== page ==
Addressing the media in the Oval Office on Friday alongside Chinese Vice Premier Liu He, who is also the country's chief negotiator, President Donald Trump called the agreement "a very substantial phase one deal", adding that it would take three to five weeks to finalise it on paper.
According to China's state-run Xinhua news agency, the two negotiation teams conducted candid, efficient and constructive discussions on economic and trade issues of mutual concern during the two-day talks.
The two sides achieved substantial progress in areas including agriculture, intellectual property rights protection, exchange rate, financial services, expansion of trade cooperation, technology transfer and dispute settlement.
The negotiators also discussed the arrangement for future consultations, and agreed to make joint efforts toward eventually reaching an agreement, Xinhua added.
During his address to the media, Trump also appeared to confirm a meeting with Chinese President Xi Jinping at the APEC summit next month, when he said that "we're going to be in Chile together in the big summit".
At the Oval Office, Liu delivered a letter from Xi to Trump where the Chinese President conveyed his "best wishes" to the negotiations.
Liu added that he was "happy" with the progress with the talks.
Also present in the room, Treasury Secretary Steve Mnuchin confirmed that the US won't "implement the increase on tariffs that were scheduled to go in place from 25 to 30 per cent" on October 15.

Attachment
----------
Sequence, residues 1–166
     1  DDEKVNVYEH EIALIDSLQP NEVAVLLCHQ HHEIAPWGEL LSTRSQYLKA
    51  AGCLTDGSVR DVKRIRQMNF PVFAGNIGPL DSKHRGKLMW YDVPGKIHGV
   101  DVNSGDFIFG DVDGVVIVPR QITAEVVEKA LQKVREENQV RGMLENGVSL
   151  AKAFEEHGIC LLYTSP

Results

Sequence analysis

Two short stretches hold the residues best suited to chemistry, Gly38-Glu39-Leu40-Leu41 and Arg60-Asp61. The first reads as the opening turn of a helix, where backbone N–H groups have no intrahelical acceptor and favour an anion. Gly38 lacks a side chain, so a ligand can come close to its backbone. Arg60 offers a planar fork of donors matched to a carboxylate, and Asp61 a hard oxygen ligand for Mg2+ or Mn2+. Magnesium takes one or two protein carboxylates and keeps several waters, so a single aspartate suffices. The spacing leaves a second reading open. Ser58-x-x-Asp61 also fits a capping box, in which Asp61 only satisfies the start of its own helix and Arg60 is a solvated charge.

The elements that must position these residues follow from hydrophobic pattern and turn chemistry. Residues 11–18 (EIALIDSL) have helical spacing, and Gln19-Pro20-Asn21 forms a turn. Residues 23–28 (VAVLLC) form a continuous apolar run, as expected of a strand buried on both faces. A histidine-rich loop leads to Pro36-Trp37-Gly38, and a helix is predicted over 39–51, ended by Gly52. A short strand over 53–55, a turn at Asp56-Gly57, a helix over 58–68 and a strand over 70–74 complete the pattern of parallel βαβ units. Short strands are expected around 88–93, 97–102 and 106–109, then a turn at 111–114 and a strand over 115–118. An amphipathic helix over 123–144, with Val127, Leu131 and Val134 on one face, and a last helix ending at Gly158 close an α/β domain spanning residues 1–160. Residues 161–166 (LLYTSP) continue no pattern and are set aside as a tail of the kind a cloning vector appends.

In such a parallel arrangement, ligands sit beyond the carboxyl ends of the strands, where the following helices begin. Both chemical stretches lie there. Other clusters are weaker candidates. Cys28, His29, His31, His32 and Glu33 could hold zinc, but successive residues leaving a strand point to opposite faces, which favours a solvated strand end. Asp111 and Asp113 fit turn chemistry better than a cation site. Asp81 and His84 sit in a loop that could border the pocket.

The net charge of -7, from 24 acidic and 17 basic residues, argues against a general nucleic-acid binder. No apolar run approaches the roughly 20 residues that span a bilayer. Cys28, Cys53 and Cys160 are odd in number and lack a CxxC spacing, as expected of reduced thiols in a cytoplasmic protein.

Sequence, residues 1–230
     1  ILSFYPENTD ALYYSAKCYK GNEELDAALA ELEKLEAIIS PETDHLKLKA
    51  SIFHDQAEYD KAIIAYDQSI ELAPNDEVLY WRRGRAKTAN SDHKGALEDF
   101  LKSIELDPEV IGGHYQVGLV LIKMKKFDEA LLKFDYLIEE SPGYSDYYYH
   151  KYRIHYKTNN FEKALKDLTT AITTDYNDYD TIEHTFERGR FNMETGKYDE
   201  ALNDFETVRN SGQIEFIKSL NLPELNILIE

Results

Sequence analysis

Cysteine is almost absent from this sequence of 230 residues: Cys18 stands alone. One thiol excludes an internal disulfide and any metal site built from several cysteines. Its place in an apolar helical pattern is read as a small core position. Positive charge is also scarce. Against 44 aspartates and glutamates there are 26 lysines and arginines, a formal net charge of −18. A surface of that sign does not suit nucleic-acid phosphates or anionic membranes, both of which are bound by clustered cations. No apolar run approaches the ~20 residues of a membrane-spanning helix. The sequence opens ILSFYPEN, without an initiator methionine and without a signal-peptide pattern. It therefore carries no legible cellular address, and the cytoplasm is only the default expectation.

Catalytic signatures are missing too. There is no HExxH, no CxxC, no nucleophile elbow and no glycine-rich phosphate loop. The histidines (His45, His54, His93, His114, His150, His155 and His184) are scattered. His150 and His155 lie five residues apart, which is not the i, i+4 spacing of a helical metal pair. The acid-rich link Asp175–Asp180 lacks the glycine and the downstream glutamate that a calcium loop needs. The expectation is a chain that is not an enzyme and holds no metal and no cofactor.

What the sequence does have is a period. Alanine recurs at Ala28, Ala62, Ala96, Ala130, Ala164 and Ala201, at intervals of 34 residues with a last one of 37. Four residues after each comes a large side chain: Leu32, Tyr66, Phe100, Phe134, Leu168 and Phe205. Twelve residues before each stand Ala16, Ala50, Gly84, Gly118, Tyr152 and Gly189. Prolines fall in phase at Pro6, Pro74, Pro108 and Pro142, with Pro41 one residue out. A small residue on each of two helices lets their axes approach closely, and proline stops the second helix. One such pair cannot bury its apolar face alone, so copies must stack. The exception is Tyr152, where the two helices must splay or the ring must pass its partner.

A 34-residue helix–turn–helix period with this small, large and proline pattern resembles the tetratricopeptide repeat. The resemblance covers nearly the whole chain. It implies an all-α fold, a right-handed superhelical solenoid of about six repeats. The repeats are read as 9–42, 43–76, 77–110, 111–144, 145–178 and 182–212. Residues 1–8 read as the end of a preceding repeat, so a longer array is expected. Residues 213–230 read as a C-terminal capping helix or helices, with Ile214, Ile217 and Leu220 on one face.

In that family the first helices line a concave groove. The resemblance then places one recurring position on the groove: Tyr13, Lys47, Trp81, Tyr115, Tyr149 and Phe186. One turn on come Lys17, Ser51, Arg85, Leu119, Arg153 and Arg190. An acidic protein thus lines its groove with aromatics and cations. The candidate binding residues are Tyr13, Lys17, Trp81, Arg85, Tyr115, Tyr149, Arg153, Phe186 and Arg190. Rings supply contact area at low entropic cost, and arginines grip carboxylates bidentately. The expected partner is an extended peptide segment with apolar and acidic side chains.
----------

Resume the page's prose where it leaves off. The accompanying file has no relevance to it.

The US was scheduled to raise tariffs on $250 billion worth of Chinese imports from 25 per cent to 30 per cent. That expected hike, which was originally scheduled to occur on October 1, had been postponed to October 15.
Friday's developments comes after the US on September 1 imposed 15 per cent tariffs on $112 billion in Chinese consumer goods, Efe news reported.
In retaliation, Beijing began implementing punitive levies of between 5 per cent and 10 per cent on US products valued at $75 billion, including agricultural products, crude oil and small aircraft.
The US has so far slapped tariffs on $550 billion worth of Chinese products since the trade war began in July 2018.
Also looming on December 15 is a proposed 15 per cent tariff on $156 billion in Chinese goods, including smartphones and other consumer goods.
Total tariffs applied to US goods by China thus far have totalled $185 billion.
Trump launched the trade war as part of his "America First" bid to lower a wide trade deficit with China, and the tit-for-tat tariffs levelled by the two superpowers have had an impact on the global economy.
( With inputs from IANS )